QU eases mask mandate, extends recall deadline – The Quinnipiac Chronicle
Quinnipiac University instituted an optional indoor mask mandate on March 1, in addition to extending the deadline for submitting the recall package to March 19.
All people are required to wear masks inside classrooms and health service areas, according to a Quinnipiac COVID Support email sent to the community on Feb. 28. Masks may be required at university-sponsored events and other large gatherings.
Senior medical adviser David Hill said the university’s decision to relax the mask mandate came after the Centers for Disease Control and Prevention announced updated masking guidelines on February 25, based on the number of COVID cases by county.
“Quinnipiac has a highly vaccinated population, omicron is in decline,” Hill said. “We have done well so far with our on-campus caseload, our ability to care for students has never been exceeded in the first month back.”
Although they promote a sense of normalcy on campus, students said they want the university to choose to remove or support the mandate altogether to avoid a non-committal response.
“I think it’s a half-hearted move on the part of the university in an effort to please everyone,” said Christopher Winters, a senior right at the company. “Refusing to engage in one way or another has the exact opposite effect of not pleasing anyone.”
Hill said the decision to continue to require masking in classrooms because it is an environment in which students need to be present.
“The classroom is a mandatory event, and students don’t have a choice whether or not to show up to class,” Hill said. “They haven’t necessarily chosen who they sit next to. It’s very different from the dining room, it’s very different from other public events, it’s very different from the dormitory situation.
The university has 29 isolated active cases, and 25 of the cases in the past week, according to the university’s COVID-19 dashboard.
However, students fear that cases will increase given the new mask protocol.
“If no one is wearing masks in places like the cafe or the (leisure) center, then what’s the point of keeping them in class when you’re exposed to people elsewhere?” said Michael Powell Jr., a senior accounting specialist.
Students who have not uploaded their reminder records received an email regarding the updated changes on February 25. Any student who does not meet the new submission date will be required to follow a five-day quarantine if exposed to someone who tests positive for COVID. -19.
Unboosted individuals are also prohibited from participating in any university-sponsored travel for the remainder of the semester and a $200 non-compliance fee will be charged to their scholarship account.
Additionally, unboosted residential students who are required to quarantine must return home, and students living off-campus must remain in their housing to complete their isolation. All quarantined students will be required to complete a daily symptom check for the five days and may end their quarantine period once they test negative for antigens and are cleared by Student Health Services.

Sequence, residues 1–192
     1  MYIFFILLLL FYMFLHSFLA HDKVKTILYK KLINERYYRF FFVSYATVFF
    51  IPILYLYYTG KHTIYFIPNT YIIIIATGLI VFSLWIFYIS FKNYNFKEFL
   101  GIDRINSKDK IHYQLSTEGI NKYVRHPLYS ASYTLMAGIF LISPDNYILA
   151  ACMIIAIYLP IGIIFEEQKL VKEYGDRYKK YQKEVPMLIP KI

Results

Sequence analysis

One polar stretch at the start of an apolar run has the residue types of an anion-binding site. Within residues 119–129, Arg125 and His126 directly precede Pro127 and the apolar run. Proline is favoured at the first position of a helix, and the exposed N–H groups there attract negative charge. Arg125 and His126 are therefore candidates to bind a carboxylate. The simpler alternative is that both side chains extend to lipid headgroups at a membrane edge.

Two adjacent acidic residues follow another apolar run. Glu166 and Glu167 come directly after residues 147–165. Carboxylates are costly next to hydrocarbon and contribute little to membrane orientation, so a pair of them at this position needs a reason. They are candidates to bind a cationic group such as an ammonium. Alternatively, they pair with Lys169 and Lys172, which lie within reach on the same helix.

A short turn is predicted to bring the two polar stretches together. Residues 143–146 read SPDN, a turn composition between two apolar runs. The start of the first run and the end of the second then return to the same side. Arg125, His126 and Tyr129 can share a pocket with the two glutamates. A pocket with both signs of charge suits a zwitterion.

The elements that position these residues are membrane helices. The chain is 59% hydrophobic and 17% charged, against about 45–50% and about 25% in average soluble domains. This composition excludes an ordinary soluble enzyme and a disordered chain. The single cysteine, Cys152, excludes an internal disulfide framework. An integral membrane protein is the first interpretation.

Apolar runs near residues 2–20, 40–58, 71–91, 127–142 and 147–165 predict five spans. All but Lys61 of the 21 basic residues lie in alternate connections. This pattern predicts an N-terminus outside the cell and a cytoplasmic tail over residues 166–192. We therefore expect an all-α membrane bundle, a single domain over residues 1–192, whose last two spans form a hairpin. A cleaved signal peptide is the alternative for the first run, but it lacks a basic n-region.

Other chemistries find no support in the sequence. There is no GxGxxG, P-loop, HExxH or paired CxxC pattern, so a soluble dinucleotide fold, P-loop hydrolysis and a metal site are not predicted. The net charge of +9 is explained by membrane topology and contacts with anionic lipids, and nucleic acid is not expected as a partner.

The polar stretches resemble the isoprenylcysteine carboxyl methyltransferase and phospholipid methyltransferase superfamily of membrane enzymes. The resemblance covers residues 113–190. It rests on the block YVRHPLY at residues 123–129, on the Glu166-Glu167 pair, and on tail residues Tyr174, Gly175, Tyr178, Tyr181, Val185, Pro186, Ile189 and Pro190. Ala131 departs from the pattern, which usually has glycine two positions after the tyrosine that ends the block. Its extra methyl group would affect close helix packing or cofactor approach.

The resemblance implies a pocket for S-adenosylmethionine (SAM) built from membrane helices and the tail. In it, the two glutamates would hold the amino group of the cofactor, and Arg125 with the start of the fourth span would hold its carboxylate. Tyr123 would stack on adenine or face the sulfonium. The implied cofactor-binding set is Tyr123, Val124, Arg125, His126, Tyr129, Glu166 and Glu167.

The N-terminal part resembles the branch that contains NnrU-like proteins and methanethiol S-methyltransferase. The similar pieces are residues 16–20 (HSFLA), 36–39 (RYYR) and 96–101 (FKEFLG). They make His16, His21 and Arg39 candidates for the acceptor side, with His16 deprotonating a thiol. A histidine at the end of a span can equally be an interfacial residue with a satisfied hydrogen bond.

The $200 fee collected from non-compliant students will be entirely donated to the 1929 Scholarship Fund, a student-run fund that provides assistance to incoming and transfer students.
“If we’re going to fine the students, let’s get that money back to the students,” Hill said. “It’s a positive response to a difficult decision.”
Hill told The Chronicle there is not yet an exact number of students who have completed the requirement, but believes the university’s spring break from March 14-17 will allow more students complete the recall requirement before the new deadline.
Disagreeing with the university’s decision, some students took steps to convince Quinnipiac officials to reconsider the term.
Halie Jansen, a health sciences major, runs the @qu.students Instagram account to ask the university to reconsider its recall mandate. She said she disagreed with the non-compliance charges because the majority of Quinnipiac’s population is already vaccinated.
“To take money from one student during this pandemic, just to give it to another, is wrong,” Jansen said. “Students who want choice in this booster may still face financial challenges that QU does not consider.”
Jansen said there is a link to a student-run petition placed in the account bio that calls on the university administration to abolish the mandate on campus. The Chronicle reported the open letter began in January, and at the time of publication it had grown to 978 signatures.
Other students believe that those who fail to meet the updated requirement should face consequences.
Julianna Rodgers, a second-year computer information systems specialist, said students who do not upload their reminder information within the extended deadline should receive a harsher punishment.
“I think they should just be kicked off campus instead of having to pay money,” Rodgers said.
The university will continue to monitor cases of COVID-19 and adjust any policies as necessary. Any student with questions regarding the recall warrant is encouraged to contact [email protected]